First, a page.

The Tigers are tied with the Rangers for the league-worst record in exhibition games at 5-12. And it somehow looks worse than that.

    The biggest questions are on the mound, where the Tigers have a 6.04 ERA this spring. Anibal Sanchez, Mike Pelfrey and Mark Lowe are not trending upward after rotten 2016 seasons. And the depth beneath them leaves much to be desired.

    On the other side of the ball, center field is as big a question now as it was entering camp. Tyler Collins has been hurt for much of the spring. Neither Mikie Mahtook nor Anthony Gose have hit.

    The Tigers still have enough talent in the right places to shake this off. But considering that they're projected to chase the Cleveland Indians in the AL Central, they're not exactly raising expectations.

Disappointment: Carlos Carrasco and Danny Salazar Will Be Fine...Right?

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    Ross D. Franklin/Associated Press

    Even after their World Series run last year, it's easy to expect even bigger things from the Indians in 2017.

    But that depends largely on two pitchers who were absent last October: Carlos Carrasco and Danny Salazar. This spring is raising red flags in their neck of the woods.

    Carrasco has a 15.75 ERA through four starts, allowing more earned runs (14) and home runs (five) than any other pitcher. And according to Paul Hoynes of Cleveland.com, now the right-hander's elbow is swelling up.

    Meanwhile, Salazar is doing better with a 2.61 ERA through four appearances. But he's also walked nine batters in 10.1 innings. Coming on the heels of his control problems in 2016, that's not a good look.

    Granted, the Indians didn't need Carrasco or Salazar to make it to the World Series last year. But before they can worry about doing that again, they need to get through the regular season. Carrasco and Salazar will be essential for that.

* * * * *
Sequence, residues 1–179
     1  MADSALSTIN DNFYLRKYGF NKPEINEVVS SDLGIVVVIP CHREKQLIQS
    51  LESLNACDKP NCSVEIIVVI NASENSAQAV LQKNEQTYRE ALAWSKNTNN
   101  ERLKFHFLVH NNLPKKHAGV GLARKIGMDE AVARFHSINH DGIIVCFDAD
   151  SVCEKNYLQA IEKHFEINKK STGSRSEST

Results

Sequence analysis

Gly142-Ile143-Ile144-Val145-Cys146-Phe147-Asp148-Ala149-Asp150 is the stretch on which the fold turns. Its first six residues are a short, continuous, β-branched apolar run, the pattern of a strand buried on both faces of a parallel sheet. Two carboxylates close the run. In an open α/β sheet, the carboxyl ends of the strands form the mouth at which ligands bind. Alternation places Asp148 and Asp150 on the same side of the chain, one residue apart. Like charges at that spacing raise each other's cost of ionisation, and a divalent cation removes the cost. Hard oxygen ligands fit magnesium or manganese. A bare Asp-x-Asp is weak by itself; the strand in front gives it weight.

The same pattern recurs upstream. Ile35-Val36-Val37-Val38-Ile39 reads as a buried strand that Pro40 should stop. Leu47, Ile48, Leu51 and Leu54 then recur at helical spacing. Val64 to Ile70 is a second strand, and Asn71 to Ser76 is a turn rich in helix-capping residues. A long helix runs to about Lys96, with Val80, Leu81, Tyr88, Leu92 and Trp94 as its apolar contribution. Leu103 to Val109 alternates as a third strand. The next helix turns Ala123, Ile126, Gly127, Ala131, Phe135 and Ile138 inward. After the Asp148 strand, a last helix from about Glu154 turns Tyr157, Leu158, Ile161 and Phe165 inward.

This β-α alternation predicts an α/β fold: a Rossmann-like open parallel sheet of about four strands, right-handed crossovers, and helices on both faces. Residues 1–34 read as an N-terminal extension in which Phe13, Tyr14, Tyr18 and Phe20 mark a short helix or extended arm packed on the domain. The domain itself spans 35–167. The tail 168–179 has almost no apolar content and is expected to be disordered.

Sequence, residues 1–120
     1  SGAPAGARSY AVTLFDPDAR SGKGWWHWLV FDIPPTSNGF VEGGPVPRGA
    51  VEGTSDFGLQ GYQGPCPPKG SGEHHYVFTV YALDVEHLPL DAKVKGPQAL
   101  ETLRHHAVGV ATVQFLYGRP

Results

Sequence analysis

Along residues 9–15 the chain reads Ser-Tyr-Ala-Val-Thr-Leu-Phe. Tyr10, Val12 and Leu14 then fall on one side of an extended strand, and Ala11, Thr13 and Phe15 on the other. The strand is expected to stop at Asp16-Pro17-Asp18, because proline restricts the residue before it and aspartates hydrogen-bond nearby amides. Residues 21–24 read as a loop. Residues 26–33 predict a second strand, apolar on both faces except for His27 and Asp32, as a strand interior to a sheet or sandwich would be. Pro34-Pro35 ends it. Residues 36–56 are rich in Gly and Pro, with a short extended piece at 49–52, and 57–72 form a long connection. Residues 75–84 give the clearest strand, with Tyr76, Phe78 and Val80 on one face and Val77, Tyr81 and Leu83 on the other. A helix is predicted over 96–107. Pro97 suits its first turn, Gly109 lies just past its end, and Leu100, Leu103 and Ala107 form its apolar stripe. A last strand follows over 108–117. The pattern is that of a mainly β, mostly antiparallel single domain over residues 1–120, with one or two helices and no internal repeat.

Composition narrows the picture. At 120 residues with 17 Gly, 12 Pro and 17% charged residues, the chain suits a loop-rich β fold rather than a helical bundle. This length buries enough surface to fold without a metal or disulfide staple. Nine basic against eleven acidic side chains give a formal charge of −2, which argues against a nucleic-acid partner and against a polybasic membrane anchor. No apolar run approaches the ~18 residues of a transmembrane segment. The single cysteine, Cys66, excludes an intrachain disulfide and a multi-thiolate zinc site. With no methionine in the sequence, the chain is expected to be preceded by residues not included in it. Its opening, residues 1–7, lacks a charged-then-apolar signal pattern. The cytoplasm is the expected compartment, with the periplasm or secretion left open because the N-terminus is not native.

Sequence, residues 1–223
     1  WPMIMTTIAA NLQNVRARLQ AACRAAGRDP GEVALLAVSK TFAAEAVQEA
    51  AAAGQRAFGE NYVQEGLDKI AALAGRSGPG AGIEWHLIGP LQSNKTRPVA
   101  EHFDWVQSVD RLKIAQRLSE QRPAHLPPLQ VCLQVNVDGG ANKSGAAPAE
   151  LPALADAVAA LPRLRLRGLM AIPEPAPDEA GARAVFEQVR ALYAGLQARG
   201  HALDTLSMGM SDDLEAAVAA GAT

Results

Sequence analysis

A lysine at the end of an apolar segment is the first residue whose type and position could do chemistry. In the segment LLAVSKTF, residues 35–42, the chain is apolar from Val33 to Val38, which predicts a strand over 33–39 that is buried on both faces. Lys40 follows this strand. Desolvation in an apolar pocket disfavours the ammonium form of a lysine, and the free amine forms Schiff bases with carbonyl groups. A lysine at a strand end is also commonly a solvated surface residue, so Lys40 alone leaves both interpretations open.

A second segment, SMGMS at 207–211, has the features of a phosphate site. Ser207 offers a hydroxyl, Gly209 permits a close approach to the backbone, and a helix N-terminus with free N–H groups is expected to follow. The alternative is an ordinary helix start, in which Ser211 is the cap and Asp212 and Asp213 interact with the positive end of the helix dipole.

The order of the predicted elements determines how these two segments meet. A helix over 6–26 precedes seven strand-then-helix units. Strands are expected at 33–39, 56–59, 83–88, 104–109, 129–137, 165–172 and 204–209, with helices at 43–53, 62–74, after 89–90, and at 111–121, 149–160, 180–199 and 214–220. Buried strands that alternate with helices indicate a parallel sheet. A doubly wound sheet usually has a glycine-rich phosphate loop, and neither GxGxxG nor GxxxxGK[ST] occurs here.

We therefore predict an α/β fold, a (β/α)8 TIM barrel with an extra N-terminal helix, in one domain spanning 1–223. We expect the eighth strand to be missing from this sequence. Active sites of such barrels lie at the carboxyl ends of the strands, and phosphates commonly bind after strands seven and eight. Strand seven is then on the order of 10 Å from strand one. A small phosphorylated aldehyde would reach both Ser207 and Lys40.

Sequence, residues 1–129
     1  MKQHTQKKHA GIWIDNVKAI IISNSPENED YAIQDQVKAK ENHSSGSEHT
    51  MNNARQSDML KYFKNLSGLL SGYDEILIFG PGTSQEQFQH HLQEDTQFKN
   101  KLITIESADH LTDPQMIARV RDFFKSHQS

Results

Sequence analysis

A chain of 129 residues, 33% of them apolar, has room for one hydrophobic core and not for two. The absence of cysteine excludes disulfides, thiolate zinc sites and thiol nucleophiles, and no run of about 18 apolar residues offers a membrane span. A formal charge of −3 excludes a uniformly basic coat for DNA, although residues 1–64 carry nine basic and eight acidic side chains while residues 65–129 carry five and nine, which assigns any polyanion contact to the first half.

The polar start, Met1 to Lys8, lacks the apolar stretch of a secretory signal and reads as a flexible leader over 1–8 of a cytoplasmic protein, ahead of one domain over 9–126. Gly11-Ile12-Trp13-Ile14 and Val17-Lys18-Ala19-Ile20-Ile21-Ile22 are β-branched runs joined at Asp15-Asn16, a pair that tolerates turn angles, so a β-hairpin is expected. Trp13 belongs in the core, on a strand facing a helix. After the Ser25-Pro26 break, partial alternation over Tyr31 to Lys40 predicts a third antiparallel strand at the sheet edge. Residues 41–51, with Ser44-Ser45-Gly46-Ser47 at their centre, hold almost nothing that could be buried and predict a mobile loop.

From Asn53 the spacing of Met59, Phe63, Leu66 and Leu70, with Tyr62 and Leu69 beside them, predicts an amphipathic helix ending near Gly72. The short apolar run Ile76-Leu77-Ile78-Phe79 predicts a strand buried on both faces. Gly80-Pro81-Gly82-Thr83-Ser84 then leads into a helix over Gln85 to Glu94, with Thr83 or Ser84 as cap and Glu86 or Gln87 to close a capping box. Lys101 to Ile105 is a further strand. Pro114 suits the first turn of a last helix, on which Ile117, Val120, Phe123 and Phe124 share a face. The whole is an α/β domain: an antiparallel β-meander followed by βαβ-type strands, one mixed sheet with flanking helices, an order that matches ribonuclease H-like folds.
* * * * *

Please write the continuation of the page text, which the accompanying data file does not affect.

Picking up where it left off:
Disappointment: The Rockies Are Crumbling

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    Chris Coduto/Getty Images

    At least the Tigers and Indians haven't broken down like the Colorado Rockies have.

    Thanks to their stacked lineup and solid pitching, the Rockies were a trendy pick for a National League playoff spot at the start of camp. Now, less so.

    Left fielder David Dahl, one of the club's top young hitters, is out with a rib cage injury. Tom Murphy, one of the club's top prospects, has a broken arm. Two-time All-Star Ian Desmond, who was signed for $70 million to play first base, is sidelined with a broken hand.

    Most upsetting of all is the status of right-hander Chad Bettis. He seemed to be in the clear following a bout with testicular cancer. It turns out he's not, and he is now undergoing chemotherapy.

    The Rockies have been dealt a raw deal. They're still a quality team, but it'll be tough to compete with the Los Angeles Dodgers and San Francisco Giants in the NL West without all hands on deck.

Surprise: Yasiel Puig's New Groove

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    Matt York/Associated Press

    Elsewhere in the NL West, a fallen star is rising again.

    Following two injury-marred and unproductive seasons in 2015 and 2016, Yasiel Puig is opening eyes at Dodgers camp with a 1.025 OPS and three homers through 10 games.